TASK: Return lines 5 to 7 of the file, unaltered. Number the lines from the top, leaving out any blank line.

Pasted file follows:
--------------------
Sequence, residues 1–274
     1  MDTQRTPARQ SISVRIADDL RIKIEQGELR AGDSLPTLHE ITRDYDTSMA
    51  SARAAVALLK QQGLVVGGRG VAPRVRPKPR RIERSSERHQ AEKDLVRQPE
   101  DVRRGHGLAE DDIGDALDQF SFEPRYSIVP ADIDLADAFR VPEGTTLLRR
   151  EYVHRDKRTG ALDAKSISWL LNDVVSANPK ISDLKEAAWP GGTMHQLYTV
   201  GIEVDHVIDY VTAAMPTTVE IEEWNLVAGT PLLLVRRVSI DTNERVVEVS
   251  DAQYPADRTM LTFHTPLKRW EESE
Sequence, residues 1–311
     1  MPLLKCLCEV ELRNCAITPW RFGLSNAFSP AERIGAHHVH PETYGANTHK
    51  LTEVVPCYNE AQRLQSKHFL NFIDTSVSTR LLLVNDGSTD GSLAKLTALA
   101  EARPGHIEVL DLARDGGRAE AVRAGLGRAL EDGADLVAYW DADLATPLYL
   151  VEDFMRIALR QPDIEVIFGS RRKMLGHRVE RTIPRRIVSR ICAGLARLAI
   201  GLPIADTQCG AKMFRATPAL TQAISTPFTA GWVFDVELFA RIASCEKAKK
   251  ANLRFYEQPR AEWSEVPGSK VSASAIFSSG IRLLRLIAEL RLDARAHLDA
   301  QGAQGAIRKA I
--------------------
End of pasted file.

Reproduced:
   151  EYVHRDKRTG ALDAKSISWL LNDVVSANPK ISDLKEAAWP GGTMHQLYTV
   201  GIEVDHVIDY VTAAMPTTVE IEEWNLVAGT PLLLVRRVSI DTNERVVEVS
   251  DAQYPADRTM LTFHTPLKRW EESE